Solutions that are “listed” have been safety-tested and approved for use in automatic sprinkler systems. Antifreeze solutions are tested and certified to UL 2901, which evaluates such factors as fire performance, solution stability, the effect when exposed to certain materials associated with sprinkler systems, and human health and environmental impact.
Section 184.108.40.206 of NFPA 13 addresses the exception: certain Early Suppression, Fast Response (ESFR) systems may use premixed antifreeze solutions of propylene glycol in certain listed applications. ESFRs are high-output sprinkler systems intended for use in warehouses with “high piled storage” that are notoriously difficult to climate control.
Premixed antifreeze solutions that are not listed can also be employed in certain older sprinkler systems until the sunset date. But their use is strictly governed by NFPA 25: Standard for the Inspection, Testing, and Maintenance of Water-Based Fire Protection Systems, which limits them to very specific maximum ratios of active antifreeze ingredients to water:
From the 2017 edition of NFPA 25
220.127.116.11.1* For systems installed prior to September 30, 2012, listed antifreeze solutions shall not be required until September 30, 2022, where one of the following conditions is met:
(1) * The concentration of the antifreeze solution shall be limited to 30 percent propylene glycol by volume or 38 percent glycerine by volume.
(2) * Antifreeze systems with concentrations in excess of 30 percent but not more than 40 percent propylene glycol by volume and 38 percent but not more than 50 percent glycerine by volume shall be permitted based upon an approved deterministic risk assessment prepared by a qualified person approved by the authority having jurisdiction.
But read this carefully: Maintenance requirements to continue using these solutions are often prohibitively complex, as they involve periodically taking samples from different points in the system to assess the ratio of water to the flammable ingredient.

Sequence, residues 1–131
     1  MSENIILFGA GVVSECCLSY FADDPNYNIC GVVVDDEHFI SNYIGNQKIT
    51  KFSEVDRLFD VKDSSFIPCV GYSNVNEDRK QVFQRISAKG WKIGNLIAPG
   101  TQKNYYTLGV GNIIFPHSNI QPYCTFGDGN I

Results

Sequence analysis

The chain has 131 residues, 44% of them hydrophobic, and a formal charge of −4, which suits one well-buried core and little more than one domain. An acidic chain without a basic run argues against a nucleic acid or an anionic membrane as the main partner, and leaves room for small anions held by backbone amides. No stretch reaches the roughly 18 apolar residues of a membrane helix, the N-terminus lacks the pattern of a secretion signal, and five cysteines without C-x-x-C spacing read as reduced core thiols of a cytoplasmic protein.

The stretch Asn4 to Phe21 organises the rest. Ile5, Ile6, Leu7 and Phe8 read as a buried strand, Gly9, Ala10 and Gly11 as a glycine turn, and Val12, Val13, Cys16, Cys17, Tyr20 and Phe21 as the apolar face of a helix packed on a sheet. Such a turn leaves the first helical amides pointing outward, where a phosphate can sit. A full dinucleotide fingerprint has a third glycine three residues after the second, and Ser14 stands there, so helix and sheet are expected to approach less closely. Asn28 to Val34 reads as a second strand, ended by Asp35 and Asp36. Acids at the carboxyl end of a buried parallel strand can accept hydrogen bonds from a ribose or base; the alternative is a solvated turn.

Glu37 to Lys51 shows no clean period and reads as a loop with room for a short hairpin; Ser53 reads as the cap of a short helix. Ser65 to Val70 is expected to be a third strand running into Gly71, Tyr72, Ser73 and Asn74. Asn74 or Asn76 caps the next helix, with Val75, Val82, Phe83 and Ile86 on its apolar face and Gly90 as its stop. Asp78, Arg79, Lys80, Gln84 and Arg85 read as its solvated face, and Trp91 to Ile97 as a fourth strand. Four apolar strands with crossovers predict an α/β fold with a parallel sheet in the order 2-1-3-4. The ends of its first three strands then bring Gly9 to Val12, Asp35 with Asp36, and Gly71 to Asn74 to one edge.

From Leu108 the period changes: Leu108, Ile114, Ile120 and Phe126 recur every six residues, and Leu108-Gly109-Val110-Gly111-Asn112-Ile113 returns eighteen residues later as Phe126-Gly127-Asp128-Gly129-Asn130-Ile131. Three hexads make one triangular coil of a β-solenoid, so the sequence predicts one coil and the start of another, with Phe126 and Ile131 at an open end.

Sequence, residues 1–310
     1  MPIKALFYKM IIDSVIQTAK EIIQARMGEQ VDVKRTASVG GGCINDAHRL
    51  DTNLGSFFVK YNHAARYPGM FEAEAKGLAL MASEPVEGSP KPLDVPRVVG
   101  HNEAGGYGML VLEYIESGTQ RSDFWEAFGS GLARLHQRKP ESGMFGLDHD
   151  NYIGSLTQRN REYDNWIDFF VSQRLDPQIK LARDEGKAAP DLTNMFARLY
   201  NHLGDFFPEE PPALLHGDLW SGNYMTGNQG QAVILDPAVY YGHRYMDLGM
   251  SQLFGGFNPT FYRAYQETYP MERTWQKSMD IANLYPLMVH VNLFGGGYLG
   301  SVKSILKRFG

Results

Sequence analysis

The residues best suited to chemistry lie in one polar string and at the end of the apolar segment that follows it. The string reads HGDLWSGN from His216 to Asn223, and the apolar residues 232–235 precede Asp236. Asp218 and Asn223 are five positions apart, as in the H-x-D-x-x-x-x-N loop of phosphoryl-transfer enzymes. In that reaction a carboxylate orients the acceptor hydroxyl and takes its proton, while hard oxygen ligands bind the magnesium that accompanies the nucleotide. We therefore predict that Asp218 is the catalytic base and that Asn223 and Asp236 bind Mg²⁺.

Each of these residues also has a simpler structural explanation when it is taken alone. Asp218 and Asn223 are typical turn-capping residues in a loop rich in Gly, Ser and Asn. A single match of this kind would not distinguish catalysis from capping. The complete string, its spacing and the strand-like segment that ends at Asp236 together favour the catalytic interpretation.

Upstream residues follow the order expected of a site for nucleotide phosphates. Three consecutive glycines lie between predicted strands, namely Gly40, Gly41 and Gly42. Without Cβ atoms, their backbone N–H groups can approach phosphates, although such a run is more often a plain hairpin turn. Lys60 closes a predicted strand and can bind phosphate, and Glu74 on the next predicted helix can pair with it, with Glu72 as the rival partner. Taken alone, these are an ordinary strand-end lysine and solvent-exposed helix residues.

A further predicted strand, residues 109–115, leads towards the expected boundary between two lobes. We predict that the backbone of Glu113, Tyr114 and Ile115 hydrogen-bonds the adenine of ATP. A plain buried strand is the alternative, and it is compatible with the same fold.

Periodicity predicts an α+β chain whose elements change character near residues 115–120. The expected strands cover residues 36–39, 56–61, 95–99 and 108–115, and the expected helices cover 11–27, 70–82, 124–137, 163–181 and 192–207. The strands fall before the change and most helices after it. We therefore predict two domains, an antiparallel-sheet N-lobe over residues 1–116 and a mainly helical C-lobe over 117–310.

NFPA also emphasizes that antifreeze solutions with these low concentrations of propylene glycol and glycerin might not provide sufficient freeze protection for sprinkler pipes. Don’t place total confidence in premixed antifreeze solutions that are marketed as “compliant with NFPA requirements.” That only means that the solution is of a type, chemical purity, and concentration that fits the various standards – and not that it is listed for use in newer fire sprinkler systems.
From the 2019 edition of NFPA 13
3.3.160 Premixed Antifreeze Solution. A mixture of an antifreeze material with water that is prepared and factory mixed by the manufacturer with a quality control procedure in place that ensures that the antifreeze solution remains homogeneous and that the concentration is as specified.
From the 2017 edition of NFPA 25
18.104.22.168.2 Newly introduced solutions shall be factory premixed antifreeze solutions (chemically pure or United States Pharmacopeia 96.5 percent).
The new option: What you need to know about Tyco LFP Antifreeze
As the first listed antifreeze solution to hit the market since concerns about flammability arose, Tyco’s LFP Antifreeze may enable property owners to install new wet systems and continue using existing ones for residential, commercial, and some storage applications in freezing environments. Tyco says that the product ensures fast and effective flow in wet sprinklers exposed to cold temperatures while protecting both metallic and thermoplastic piping against damage from freezing.
For residential use, that typically means vacation homes, attics, breezeways, balconies, and garages. Common commercial uses are parking garages, garden centers, loading docks, and temporary protection for buildings under construction.